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QUESTION: What are the barriers to formal support service use among the family carers of elderly people with dementia?
Design and participants
Focus groups were conducted using a semi-structured interview schedule with 13 family members of people with dementia and service providers from 3 divisional offices of a homecare programme, 7 nursing homes and 4 hospitals.
Rural areas of Saskatchewan, Canada.
Barriers to service use identified by family members and service providers included stigma associated with having a family member with dementia; need for privacy; family members’ attitudes; need for self reliance; lack of awareness about services; financial constraints; acceptability of services; accessibility of services, and ability of services to offer useful support. Family members focused on a variety of different issues, including problems in assessment, waiting for nursing home placement and stress. Some family members suggested that accepting help from formal support services was an admission that they could not cope alone. Some service providers suggested that family members may feel guilty for seeking assistance. Homecare staff suggested that service use could be improved by increasing regular contact between service providers and family members and providing more information about the range of support services available.
Caregivers supporting a relative with dementia at home experienced a great deal of stress. Family members and homecare staff both suggested that caregivers were reluctant to use services that might help relieve their stress. The reasons for this reluctance included both caregiver attitudes and perceived deficiencies with support services.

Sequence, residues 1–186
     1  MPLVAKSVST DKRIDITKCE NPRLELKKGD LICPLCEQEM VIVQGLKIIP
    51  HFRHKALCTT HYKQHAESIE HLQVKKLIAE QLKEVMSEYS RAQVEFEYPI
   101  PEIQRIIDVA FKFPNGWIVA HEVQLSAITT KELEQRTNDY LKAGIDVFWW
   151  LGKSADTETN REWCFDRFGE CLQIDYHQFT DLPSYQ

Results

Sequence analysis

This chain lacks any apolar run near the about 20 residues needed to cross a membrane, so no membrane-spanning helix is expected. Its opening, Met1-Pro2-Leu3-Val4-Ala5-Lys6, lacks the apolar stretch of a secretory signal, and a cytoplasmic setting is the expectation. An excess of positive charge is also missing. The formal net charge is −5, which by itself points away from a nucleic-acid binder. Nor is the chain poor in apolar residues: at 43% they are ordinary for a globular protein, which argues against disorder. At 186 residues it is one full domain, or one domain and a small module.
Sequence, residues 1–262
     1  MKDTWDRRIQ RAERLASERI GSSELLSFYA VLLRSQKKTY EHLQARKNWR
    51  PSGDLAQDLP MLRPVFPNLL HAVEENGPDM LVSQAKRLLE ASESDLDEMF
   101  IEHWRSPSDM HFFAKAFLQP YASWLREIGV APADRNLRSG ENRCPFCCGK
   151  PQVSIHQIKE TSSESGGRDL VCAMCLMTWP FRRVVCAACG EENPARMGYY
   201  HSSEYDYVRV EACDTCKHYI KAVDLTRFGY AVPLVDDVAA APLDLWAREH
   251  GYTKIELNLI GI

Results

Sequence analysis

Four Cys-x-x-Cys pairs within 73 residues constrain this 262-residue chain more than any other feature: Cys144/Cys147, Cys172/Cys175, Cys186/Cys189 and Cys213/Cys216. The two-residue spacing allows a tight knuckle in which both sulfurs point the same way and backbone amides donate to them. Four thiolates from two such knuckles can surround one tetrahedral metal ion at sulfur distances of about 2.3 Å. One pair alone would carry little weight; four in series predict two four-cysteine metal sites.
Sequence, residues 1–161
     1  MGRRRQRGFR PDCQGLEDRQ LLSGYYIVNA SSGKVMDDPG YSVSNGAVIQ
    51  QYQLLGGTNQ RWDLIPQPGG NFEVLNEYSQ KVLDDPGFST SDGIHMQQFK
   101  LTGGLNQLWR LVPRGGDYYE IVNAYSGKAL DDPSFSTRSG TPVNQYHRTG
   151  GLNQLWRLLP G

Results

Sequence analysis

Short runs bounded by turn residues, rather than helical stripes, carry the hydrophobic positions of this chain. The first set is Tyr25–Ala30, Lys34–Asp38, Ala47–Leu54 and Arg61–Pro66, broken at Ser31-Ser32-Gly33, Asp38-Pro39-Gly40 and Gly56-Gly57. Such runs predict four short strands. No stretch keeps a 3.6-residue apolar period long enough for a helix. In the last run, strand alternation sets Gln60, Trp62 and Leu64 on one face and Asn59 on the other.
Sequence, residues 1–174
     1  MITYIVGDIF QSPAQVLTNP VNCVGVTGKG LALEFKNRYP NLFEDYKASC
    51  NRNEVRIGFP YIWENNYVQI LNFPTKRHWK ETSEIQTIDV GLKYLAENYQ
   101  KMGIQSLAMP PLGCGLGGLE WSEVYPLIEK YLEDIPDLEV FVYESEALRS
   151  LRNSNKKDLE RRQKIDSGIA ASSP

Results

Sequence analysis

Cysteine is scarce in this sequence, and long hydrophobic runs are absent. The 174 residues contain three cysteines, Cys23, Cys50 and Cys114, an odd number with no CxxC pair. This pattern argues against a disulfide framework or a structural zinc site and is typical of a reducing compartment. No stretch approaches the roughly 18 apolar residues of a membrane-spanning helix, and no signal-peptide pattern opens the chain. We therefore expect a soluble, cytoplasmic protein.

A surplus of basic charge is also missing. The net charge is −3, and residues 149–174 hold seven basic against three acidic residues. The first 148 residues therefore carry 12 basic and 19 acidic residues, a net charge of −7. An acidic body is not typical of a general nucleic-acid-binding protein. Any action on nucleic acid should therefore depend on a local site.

This study corroborates what is known about low service use by family caregivers of dementia patients. Service providers were well represented. In contrast, participation by family caregivers was low, with only 4 family members caring for a demented relative in the community and 9 family members whose relatives lived in nursing homes included. The authors do not report the overall number of community-dwelling dementia patients cared for by family members, but 4 participants are unlikely to represent the total cohort. The results therefore focus largely on formal caregivers’ perceptions of the reasons for underutilisation of services by community-based families who care for demented relatives. As Morgan et al point out, the degree to which service providers’ impressions match those of family caregivers is unknown. Consequently, the results need to be interpreted with caution and cannot be readily used to propose changes in the types of homecare services provided, or changes in the ways in which these services are delivered.